In an interesting debate about local decolonising efforts, Femi Odugbemi – filmmaker and founder of the iREPRESENT documentary film festival in Lagos – pointed out that the technology for making films is not Africa-based and that the technology giants who produce film equipment have no service centres in Nigeria. This creates an additional burden for decolonising attempts as the structures of dependence are deepened by the fact that Sony, Canon and other hardware providers sell equipment to Nigerians yet do not invest funds in any aspect of filmmaking in the country. But the political economy of film practices, policy-making and academia undercut the force of Odugbemi’s position as Professor Shaka noted that governments and policy makers could hinder rather than facilitate the collaboration or partnerships suggested by Odugbemi. Another major obstacle is the lack of access, the solution to which was well summed up by Odugbemi: “We need investments in spaces that preserve a channel or connection between African stories and global audiences” – spaces such as major film festivals like the Berlinale, Cannes, TIFF, and DIFF.

Debate about the strong dichotomy between film production and film studies programmes pervaded the workshop, with the former being stronger in Nigerian universities for cultural and vocational reasons. From the panels over the three days, it was obvious that a working curriculum is in place and the need to decolonise that together with teaching approaches is evident. However, decolonising Film and Screen studies in Nigeria will not happen with the existing structures of financial dependence found within institutions of higher learning. First, film departments have to attain independence from the usual streams of funding in Nigerian universities. With adequate funding, the infrastructural and technical problems identified at the workshop could be solved to a satisfactory level. Second, flexible adjustments have to be made in terms of taking the best of western theories and practices and adapting them to Nigerian cultures and contexts. Third, competent industry-academic collaborations in curriculum development for Film and Screen studies together with succession plans were discussed. A proper framework for action developed and implemented by more universities will certainly enhance the use of a more decolonised curriculum. One of the components missing from some lecturers’ teaching is a deep history of African cinema even with particular reference to Nigerian cinema, and the SW toolkits that have been developed aim to support colleagues with resources to do this. Giving students the chance to participate in film festivals in Nigeria and beyond is yet to be accomplished, but with the new vigour injected into the participants by the lively discussions, we hope that individual efforts in that direction will begin and hopefully endure. Bringing together both formal and informal approaches to renewed curriculum design is certainly the best approach to decolonising our discipline.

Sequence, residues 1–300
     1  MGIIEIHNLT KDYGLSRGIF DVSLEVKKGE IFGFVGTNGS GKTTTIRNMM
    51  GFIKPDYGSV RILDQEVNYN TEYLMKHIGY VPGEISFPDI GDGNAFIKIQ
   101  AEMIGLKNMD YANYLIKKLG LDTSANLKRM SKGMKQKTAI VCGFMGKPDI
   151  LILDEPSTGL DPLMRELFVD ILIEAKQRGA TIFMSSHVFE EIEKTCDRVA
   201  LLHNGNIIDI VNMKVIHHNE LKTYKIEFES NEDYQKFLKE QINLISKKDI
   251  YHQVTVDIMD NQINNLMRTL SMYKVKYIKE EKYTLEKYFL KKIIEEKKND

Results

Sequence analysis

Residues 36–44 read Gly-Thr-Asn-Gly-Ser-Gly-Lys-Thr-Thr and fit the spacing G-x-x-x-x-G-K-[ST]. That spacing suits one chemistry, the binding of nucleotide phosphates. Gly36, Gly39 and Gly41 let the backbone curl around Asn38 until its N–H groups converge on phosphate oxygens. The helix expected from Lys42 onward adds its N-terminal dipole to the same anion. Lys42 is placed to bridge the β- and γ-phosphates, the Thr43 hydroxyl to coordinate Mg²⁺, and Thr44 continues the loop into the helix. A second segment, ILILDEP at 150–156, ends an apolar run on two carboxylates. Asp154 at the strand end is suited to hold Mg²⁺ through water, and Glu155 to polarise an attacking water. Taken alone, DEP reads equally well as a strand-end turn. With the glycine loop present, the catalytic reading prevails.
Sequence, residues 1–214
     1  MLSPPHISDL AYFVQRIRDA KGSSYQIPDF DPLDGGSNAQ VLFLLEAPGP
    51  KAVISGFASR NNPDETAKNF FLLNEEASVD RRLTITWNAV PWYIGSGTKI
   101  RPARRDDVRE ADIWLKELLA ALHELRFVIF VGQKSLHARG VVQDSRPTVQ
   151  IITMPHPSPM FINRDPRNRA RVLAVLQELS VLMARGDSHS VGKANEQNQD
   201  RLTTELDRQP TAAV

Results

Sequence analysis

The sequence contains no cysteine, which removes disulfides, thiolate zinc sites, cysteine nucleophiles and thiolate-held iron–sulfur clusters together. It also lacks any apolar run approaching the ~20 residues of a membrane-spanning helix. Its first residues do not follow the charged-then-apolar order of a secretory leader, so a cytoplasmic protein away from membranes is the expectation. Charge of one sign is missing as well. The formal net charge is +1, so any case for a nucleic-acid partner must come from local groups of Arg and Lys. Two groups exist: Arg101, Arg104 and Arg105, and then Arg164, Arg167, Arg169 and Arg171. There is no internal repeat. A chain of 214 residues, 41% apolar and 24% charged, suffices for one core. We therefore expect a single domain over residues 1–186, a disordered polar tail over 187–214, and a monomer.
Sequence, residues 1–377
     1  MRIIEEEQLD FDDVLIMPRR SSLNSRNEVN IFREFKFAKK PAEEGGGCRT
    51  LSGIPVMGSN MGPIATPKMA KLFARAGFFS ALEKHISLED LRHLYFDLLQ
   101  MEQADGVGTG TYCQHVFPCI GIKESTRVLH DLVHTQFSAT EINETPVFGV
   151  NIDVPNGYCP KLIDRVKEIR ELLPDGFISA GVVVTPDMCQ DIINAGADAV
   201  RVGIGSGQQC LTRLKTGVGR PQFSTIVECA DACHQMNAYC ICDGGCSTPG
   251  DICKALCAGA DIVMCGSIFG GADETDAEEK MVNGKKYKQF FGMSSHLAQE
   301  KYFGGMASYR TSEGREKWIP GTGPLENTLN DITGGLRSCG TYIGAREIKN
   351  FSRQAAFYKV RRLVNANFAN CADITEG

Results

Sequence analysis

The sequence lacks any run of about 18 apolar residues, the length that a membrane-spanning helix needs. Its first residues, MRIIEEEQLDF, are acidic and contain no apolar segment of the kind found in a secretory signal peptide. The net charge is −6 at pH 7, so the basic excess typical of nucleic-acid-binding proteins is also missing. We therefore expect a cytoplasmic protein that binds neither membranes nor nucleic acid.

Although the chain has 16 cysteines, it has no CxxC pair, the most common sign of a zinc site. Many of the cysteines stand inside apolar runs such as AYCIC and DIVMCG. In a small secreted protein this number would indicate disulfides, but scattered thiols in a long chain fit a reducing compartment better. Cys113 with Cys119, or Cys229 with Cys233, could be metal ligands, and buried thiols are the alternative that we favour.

The SW team is very grateful to our wonderful partners at the University of Lagos and to all the participants who made this such an enriching workshop.


Workshop Participants

Prof Muyiwa Falaiye

Prof Hyginus Ekwuazi

Prof Abdalla Uba Adamu

Prof Umar Jibril

Prof Duro Oni

Prof Femi Shaka

Prof Marcel Okhakhu

Prof Sola Fosudo

Mr Femi Odugbemi

Mrs Abiola Tayo-Afolabi

Mr Ehiz Ojesebholo

Dr Elizabeth Olayiwola

Dr Ike Obiaya

Dr Gloria Ernest-Samuel

Dr Morountodun Joseph

Dr Ezinne Ezepue

Mr Tunde Onikoyi

Dr Cornelius Onyekaba

Mr Lani Akande

Ms Folakemi Ogungbe

Dr Chris Ogbonna

Mr Lawrence Akande

Prof Onookome Okome

Dr Patrick Oloko

Dr Añulika Agina


Zoom Participants

Dr Clive James Nwonka

Dr Alessandro Jedlowski

Prof Lindiwe Dovey

Dr Michael W. Thomas

Prof Kate Taylor-Jones


Date & Time:

16.03.2020 9:00am


University of Lagos, Nigeria